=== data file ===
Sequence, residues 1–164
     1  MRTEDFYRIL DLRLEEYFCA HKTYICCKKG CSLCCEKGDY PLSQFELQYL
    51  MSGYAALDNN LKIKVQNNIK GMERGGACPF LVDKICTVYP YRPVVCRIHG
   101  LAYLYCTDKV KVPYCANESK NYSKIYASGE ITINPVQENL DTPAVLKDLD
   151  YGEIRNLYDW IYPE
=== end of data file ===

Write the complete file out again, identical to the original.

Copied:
Sequence, residues 1–164
     1  MRTEDFYRIL DLRLEEYFCA HKTYICCKKG CSLCCEKGDY PLSQFELQYL
    51  MSGYAALDNN LKIKVQNNIK GMERGGACPF LVDKICTVYP YRPVVCRIHG
   101  LAYLYCTDKV KVPYCANESK NYSKIYASGE ITINPVQENL DTPAVLKDLD
   151  YGEIRNLYDW IYPE